We didn’t have to go out. We could have cancelled, stayed on shore in the warmth and comfort of our homes, our workplaces, our holiday homes. But we didn’t. We were brave.
The rain was already pelting down as we left the boat pen. The Zimbabweans climbed on deck but three of them decided very quickly to return below. One of them never ventured on deck again.
I stayed up top with the actuary. I didn’t get his name but he said he was doing his honours in actuary studies. About six others stayed with us.
Once we were out of Princess Royal Harbour the weather took a nastier turn. The rain came in harder, the swells got deeper and the boat rocked and rolled as though Bon Scott himself was at the wheel.
The Captain of the day, Tony Harrison, did his best to yell above the roar of the Great Southern Ocean and the flapping of the spinnaker.
He told us all he could remember about hump back whales, why they were out there, why they were there this time of the year and why they were giving birth when they normally saved that part of their lives for the Indian Ocean.
The actuary and I stayed with him and helped each other with the words we collected on the wind, putting them together to make complete sentences that made sense.
On shore not far from Ataturk the lookout spotted a whale slightly north of Bald Head. Off we went in hot but careful pursuit.
We found her and hers and Tony said it was probably last year’s calf.
With the weather refusing to improve the support crew refused to be intimidated and clambered around the deck with Anzac biscuits and scones.
The actuary and I screamed: Whale ahoy! Four of the beauties.
Tony pulled the boat around and we were treated to a marvellous display of hump back gymnastics. Whales were leaping out of the water, twisting, turning, flapping their great tails.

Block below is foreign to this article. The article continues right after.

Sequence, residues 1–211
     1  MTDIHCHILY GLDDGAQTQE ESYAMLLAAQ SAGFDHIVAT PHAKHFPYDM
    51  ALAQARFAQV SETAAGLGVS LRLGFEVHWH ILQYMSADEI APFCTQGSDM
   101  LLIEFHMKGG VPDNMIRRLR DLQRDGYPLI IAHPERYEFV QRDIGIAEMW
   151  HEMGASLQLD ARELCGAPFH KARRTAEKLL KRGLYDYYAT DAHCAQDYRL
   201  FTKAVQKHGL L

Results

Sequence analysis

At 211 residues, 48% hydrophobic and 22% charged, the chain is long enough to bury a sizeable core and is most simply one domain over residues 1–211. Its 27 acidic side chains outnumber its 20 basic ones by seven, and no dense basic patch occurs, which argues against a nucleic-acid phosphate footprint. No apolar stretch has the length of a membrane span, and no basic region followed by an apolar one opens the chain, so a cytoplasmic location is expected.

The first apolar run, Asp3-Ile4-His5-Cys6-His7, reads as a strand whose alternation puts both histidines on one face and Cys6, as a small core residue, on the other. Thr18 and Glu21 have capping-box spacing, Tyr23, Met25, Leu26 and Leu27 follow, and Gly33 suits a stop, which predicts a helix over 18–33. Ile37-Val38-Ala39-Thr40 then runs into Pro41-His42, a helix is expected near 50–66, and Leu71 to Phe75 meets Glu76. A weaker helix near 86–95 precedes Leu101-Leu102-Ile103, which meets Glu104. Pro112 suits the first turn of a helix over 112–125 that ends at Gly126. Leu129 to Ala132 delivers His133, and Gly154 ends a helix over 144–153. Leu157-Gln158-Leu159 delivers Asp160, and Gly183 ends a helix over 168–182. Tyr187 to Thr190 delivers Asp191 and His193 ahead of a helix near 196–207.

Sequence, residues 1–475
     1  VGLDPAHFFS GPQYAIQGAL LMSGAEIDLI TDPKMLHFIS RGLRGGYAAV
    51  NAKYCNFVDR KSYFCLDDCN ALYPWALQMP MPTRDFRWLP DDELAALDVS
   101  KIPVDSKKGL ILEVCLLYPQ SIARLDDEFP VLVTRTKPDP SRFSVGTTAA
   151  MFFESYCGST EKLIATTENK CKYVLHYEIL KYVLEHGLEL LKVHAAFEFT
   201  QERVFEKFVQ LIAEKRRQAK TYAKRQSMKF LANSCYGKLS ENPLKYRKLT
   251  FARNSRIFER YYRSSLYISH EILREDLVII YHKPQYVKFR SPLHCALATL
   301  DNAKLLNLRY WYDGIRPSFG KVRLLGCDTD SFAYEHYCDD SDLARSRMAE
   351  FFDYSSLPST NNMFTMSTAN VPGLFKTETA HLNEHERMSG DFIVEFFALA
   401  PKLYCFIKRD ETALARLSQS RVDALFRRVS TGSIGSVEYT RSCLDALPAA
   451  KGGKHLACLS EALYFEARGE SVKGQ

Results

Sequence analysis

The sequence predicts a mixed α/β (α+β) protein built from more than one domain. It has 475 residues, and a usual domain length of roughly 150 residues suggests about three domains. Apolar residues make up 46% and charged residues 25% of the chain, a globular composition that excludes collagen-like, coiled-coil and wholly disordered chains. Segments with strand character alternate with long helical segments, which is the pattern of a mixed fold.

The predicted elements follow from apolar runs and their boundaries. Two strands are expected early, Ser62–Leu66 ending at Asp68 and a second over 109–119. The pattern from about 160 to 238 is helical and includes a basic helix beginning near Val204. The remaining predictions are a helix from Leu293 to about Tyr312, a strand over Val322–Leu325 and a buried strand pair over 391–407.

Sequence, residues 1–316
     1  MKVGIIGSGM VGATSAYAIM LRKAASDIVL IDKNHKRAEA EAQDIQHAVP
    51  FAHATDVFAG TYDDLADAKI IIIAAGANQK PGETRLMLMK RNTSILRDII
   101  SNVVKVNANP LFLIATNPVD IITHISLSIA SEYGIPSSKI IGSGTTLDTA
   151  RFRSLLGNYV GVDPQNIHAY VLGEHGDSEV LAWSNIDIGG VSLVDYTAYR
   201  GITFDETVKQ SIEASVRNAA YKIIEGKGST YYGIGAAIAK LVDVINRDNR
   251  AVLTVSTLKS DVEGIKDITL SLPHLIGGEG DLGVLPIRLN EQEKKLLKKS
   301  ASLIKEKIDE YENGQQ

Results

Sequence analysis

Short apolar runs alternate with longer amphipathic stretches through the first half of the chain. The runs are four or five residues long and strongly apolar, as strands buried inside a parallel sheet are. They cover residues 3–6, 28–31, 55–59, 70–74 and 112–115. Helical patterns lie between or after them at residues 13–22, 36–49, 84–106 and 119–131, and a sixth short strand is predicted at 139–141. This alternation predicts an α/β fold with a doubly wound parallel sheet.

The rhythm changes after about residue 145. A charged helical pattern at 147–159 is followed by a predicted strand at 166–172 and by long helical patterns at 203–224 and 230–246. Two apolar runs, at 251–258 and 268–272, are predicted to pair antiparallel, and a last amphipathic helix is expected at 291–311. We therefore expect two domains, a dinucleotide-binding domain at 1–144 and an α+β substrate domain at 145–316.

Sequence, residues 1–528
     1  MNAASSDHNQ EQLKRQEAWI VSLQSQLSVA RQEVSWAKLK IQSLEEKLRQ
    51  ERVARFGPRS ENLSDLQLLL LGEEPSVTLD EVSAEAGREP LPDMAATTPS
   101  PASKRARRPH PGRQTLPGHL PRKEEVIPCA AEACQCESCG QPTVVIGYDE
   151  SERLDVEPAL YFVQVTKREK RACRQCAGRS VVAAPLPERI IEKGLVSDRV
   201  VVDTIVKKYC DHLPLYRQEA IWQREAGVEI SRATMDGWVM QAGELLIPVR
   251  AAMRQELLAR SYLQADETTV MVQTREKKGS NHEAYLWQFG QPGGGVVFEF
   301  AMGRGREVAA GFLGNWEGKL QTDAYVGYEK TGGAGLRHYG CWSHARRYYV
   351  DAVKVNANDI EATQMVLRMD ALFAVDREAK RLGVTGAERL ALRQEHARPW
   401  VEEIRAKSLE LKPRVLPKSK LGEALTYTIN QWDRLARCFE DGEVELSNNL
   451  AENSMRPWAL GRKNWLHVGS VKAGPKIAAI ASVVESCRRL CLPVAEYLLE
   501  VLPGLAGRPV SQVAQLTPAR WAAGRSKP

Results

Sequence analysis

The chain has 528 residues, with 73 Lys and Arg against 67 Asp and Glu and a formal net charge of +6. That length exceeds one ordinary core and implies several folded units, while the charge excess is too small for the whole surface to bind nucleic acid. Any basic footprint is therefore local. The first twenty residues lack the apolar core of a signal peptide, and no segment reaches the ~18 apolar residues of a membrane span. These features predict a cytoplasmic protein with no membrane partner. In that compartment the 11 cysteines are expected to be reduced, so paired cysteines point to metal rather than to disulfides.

People struggled on deck, laughing, screaming, cheering. The rain pelted, the ocean washed on board and drenched most of us, including me and my mobile phone which never worked again.
We stared in awe as the great mammals calmed, then swam around us, checking us out to decide if we were friend or foe, then heading off for the Indian Ocean while we headed back to Princess Royal Harbour.
What a day. It’s a tradition for me now. Every year I go twice, once for the hump backs and once for the southern rights.
As I said goodbye to the actuary and his friends, I said: You wait, tomorrow the weather will be glorious. And it was.
Wednesday, July 27, 2011
A couple of weeks ago the Men’s Resource Centre in Albany invited Julian Krieg from Wheatbelt Men's Health to town and he gave a strong talk about men and their risky behaviour.
During his chat Julian said that throughout his life he had always had a older male mentor, someone other than his father, someone he could talk to about his journey.
In my boyhood years that man in my life was my grandfather, a journalist and story teller, a disabled man who never complained, even when the fish refused to bite.